Telescope News

Join us on this journey

Come with us on our journey to the stars. Monitor our progress with this telescope news blog. It's our way of sharing the behind-the-scenes work that will get the RASC Robotic Telescope ready to explore our universe.

Be the fuel that propels us forward with a donation.

The latest news is at the top, and you can scroll down to see a few images and our progress.

2018-06-27 Weather Server Improved

We are connected to a new weather server, shared by JPL and other organizations. Working well.

2018-06-25 The Eagle Nebula

The Eagle has landed. Almost.  This image of M16 is a single 5-minute, unguided exposure, with dark and bias calibration. The image was taken on the 21st, and the improved pointing model is a success.

M16 Eagle Nebula

2018-06-23 New Weather Report

As an improvement to the weather monitoring at Sierra Remote Observatories, there is a new weather snapshot with a lot more detail than the old version:

Weather Conditions

Weather data including trends and additional info like the Moon Set time is very important for the operation. Changes to the weather monitoring system require minor software configuration changes for our setup. Until that is done and tested, we have to pause some of our efforts and keep the telescope safe.

2018-06-22 Keeping our Telescope (and our Planet) Safe

Sierra Remote Observatories has automated monitoring to keep the keep the equipment safe.  For example, there is a weather monitoring system that prevents the roof from opening, or closes it if the weather is getting worse. There are sensors for temperature, wind speed, humidity, and cloud cover. Windy days, rain (which is quite rare), and heavy dew are all good reasons to button up the roof.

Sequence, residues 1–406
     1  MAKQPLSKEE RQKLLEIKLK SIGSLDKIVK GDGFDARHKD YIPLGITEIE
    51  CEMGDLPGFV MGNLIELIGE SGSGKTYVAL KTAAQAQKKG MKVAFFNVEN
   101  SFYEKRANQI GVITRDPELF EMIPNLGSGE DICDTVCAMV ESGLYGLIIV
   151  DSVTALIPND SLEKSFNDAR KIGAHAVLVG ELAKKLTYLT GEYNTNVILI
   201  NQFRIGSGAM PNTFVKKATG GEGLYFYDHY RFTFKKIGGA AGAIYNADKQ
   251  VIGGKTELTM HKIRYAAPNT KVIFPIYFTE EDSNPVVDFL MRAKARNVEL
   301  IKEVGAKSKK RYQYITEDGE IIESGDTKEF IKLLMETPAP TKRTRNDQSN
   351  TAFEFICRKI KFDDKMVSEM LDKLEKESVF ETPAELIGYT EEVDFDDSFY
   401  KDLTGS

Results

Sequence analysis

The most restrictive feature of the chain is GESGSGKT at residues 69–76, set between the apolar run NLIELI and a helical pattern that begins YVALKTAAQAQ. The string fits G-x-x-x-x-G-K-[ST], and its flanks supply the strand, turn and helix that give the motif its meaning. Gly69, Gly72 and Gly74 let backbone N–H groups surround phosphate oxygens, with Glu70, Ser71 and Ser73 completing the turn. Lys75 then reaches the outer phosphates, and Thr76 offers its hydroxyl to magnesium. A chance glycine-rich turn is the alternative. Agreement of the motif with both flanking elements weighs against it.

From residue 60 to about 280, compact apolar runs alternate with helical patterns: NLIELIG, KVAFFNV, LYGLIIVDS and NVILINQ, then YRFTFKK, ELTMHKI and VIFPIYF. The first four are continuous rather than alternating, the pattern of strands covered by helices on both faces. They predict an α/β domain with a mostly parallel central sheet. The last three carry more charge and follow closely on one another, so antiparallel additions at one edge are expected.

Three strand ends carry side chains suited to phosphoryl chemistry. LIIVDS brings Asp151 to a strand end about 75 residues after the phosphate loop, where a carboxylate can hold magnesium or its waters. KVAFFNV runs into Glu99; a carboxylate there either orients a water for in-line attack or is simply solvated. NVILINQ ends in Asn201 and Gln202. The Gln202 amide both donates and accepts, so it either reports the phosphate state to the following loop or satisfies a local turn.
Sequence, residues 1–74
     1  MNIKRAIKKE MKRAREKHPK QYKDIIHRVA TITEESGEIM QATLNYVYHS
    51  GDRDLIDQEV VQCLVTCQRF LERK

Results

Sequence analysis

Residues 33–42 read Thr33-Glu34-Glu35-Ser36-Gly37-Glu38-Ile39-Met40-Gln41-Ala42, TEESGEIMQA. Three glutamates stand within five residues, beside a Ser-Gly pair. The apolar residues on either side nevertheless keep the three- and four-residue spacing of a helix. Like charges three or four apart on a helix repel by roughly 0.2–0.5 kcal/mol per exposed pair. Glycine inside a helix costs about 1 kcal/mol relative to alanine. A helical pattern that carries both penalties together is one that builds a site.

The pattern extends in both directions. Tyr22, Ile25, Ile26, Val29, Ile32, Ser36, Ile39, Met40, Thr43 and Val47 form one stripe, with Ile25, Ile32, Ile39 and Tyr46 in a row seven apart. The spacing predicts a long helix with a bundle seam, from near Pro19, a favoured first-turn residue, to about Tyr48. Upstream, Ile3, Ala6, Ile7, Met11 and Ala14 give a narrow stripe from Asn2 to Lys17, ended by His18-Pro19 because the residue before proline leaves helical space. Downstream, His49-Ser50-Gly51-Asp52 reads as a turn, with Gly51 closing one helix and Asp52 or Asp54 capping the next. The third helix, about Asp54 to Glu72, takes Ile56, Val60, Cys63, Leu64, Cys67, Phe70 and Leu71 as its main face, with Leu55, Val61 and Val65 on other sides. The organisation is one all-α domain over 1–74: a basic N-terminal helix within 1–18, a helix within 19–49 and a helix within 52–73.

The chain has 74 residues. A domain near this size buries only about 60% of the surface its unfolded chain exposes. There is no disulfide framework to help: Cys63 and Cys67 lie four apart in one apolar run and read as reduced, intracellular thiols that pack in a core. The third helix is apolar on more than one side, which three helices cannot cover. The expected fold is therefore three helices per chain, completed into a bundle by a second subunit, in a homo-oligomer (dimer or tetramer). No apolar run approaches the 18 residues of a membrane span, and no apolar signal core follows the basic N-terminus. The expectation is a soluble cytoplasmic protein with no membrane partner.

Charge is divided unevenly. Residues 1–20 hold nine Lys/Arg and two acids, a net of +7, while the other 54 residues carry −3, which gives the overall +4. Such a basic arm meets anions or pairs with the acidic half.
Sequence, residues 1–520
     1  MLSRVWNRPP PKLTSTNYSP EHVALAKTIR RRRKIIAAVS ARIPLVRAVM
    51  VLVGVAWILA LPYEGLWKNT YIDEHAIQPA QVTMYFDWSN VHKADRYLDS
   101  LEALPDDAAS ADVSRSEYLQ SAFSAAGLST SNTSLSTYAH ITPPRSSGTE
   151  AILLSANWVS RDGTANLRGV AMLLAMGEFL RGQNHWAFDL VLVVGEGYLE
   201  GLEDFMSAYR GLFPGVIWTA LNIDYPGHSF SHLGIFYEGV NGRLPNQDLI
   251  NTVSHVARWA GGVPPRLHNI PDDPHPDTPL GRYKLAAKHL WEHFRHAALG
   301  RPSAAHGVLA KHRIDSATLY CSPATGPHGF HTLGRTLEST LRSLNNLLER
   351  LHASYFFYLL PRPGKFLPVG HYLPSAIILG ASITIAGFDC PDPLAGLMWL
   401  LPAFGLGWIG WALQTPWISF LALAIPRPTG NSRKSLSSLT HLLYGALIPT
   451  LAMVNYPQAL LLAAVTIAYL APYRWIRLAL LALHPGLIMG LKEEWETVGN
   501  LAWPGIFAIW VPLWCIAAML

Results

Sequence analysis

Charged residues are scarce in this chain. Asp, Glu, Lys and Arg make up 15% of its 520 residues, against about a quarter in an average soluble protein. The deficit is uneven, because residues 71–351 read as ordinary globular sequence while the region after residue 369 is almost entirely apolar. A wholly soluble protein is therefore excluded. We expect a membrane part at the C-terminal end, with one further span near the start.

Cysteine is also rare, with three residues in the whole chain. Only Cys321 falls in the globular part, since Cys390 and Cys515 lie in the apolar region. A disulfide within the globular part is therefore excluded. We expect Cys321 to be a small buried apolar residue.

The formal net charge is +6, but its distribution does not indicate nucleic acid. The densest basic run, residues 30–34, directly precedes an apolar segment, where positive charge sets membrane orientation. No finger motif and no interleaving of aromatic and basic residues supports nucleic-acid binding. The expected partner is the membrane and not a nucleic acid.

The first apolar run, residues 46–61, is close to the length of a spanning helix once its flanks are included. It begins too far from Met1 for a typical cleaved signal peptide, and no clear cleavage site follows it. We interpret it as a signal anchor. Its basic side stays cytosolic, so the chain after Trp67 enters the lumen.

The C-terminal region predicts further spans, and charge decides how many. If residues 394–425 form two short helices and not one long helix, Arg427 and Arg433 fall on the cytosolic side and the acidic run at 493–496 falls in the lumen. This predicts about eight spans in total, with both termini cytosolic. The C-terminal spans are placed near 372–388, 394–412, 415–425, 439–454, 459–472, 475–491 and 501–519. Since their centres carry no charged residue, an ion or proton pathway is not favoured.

SRO monitors electrical power as well.  We received an email at about 1:30am today (Friday, the 22nd) advising that they would be pro-actively keeping the roof closed due to power concerns affecting electric utility customers including SRO in that part of California. This pro-active approach is very reassuring.

Equipment safety is a priority for SRO.  Planetary safety should be a priority for everybody.  Professional astronomers at the Harvard-Smithsonian Center for Astrophysics operate the Minor Planet Center. According to the MPC website, the organization is "responsible for the designation of minor bodies in the solar system: minor planets; comets; and natural satellites. The MPC is also responsible for the efficient collection, computation, checking and dissemination of astrometric observations and orbits for minor planets and comets". 

Astronomers use this data to know where asteroids are and any objects that could come close to the Earth can be tracked. It is crucial to predict potentially damaging impacts.

The MPC shares this data.  After downloading it and a few minutes work processing it, the latest data for comets and minor bodies is now available for use in our ACP Observatory Control Software.  Here's a sample using one of our members who just happens to have an asteroid named after him:

    Desig =                   39791
    Epoch =                   2458200.5 (Julian)
    Mean Anomaly =            116.25746
    Mean Daily Motion =       0.36297844 (deg/day)
    Semimajor Axis            1.9463256 (AU)
    Orbital Eccentricity =    0.1047371
    Arg. of Perihelion =      279.10744 (deg)
    Long. of Ascensing Node = 150.54706 (deg)
    Inclination =             23.61005 (deg)

Jim Hesser served as our Honorary President for several years, in addition to having a lengthy career as a professional astronomer who made significant contributions to Canadian astronomy. He's still quite active in the RASC and professional community.

Equipped with this data, our users can make observations of minor bodies, and perhaps keep our planet a little bit safer.  You could, for example, schedule an image set for "jameshesser" a.k.a. "MP39791".

2018-06-21 Targets in the cross hairs

After review of the TPoint model yesterday, it was time to test out the pointing with some real images taken around 4:30am EDT/1:30am PDT.  You can see here that the galaxy M81 and open cluster M4 are close to centre, but not perfect.